Our God Forever

Ephesians 318–19 [widescreen]

Reading the Word

Psalm 48:9–14 (ESV)

9 We have thought on your steadfast love, O God,
in the midst of your temple.
10 As your name, O God,
so your praise reaches to the ends of the earth.
Your right hand is filled with righteousness.
11 Let Mount Zion be glad!
Let the daughters of Judah rejoice
because of your judgments!

12 Walk about Zion, go around her,
number her towers,
13 consider well her ramparts,
go through her citadels,
that you may tell the next generation
14 that this is God,
our God forever and ever.
He will guide us forever.

Understanding and Applying the Word

Have you ever stopped to consider the love of God? I mean, really consider it? In this psalm, the people take the time to walk around the city and admire its greatness. They knew it was great because of all that God had done for them and because he was with them. And he had promised to be with them forever.

God has promised to be with his people forever. Think about that. What else do you have that will be with you forever? There is nothing that can ever separate us from God and his love. Nothing! He is with us today, tomorrow, and into eternity. He is with us in life and he will be with us in death and into life after death. Paul reflects on this truth in Ephesians 3:17-19:

so that Christ may dwell in your hearts through faith—that you, being rooted and grounded in love, may have strength to comprehend with all the saints what is the breadth and length and height and depth, and to know the love of Christ that surpasses knowledge, that you may be filled with all the fullness of God. (Ephesians 3:17–19, ESV)

Take the time to reflect on God’s promise to always be with you today and forever.

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If God Is For Us…

Romans 831 [widescreen]

Reading the Word

Romans 8:31–39 (ESV)

31 What then shall we say to these things? If God is for us, who can be against us? 32 He who did not spare his own Son but gave him up for us all, how will he not also with him graciously give us all things? 33 Who shall bring any charge against God’s elect? It is God who justifies. 34 Who is to condemn? Christ Jesus is the one who died—more than that, who was raised—who is at the right hand of God, who indeed is interceding for us. 35 Who shall separate us from the love of Christ? Shall tribulation, or distress, or persecution, or famine, or nakedness, or danger, or sword? 36 As it is written,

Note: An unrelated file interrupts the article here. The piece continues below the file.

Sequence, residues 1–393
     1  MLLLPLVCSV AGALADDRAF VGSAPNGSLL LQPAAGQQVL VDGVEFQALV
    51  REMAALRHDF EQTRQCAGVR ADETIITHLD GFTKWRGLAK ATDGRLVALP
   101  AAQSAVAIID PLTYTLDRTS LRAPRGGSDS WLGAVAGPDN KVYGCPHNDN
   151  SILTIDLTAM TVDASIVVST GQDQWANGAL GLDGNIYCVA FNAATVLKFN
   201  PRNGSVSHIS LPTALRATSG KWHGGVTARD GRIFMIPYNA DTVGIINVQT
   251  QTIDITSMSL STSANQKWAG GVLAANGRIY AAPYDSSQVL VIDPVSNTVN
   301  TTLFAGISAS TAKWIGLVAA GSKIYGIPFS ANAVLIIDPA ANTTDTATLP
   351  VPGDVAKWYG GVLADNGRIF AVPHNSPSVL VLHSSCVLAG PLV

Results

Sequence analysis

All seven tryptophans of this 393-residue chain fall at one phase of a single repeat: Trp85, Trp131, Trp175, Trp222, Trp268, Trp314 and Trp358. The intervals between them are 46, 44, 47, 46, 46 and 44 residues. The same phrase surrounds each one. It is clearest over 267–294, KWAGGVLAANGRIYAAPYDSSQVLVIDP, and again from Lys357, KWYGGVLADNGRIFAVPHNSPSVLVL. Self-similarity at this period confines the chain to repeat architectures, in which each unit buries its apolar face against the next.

“For your sake we are being killed all the day long;
we are regarded as sheep to be slaughtered.”

37 No, in all these things we are more than conquerors through him who loved us. 38 For I am sure that neither death nor life, nor angels nor rulers, nor things present nor things to come, nor powers, 39 nor height nor depth, nor anything else in all creation, will be able to separate us from the love of God in Christ Jesus our Lord.

Understanding and Applying the Word

Today marks the beginning of a new year. Many of us have likely made resolutions for the year with the aim of making this year better than the last. It is good to look ahead to the future and make plans, but we are also faced with the reality of uncertainty. We do not know what the future holds. It may be difficult.

Paul reminds us in today’s reading that, no matter what comes our way, we can rest knowing that God is on our side. He is for us. He is for us so much that he sent his Son to die for us. If he did that, nothing else will stand between us and him. Let us plan for the future with hope and not fear, knowing that we go in God’s love.

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Christmas Displays God’s Love

John 316 [widescreen]

Reading the Word

John 3:16–19 (ESV)

16 “For God so loved the world, that he gave his only Son, that whoever believes in him should not perish but have eternal life. 17 For God did not send his Son into the world to condemn the world, but in order that the world might be saved through him. 18 Whoever believes in him is not condemned, but whoever does not believe is condemned already, because he has not believed in the name of the only Son of God. 19 And this is the judgment: the light has come into the world, and people loved the darkness rather than the light because their works were evil.

Understanding and Applying the Word

Yesterday, we mentioned that we have to make sure we do not forget the reason for Christmas. Jesus was born into this world to save mankind by going to the cross as payment for sin. We also must not overlook what we learn about God because of Christmas. We learn that, even though we have rebelled against God through disobedience, he still loves us. He loves us so much that he gave his only Son for our salvation. That is amazing love!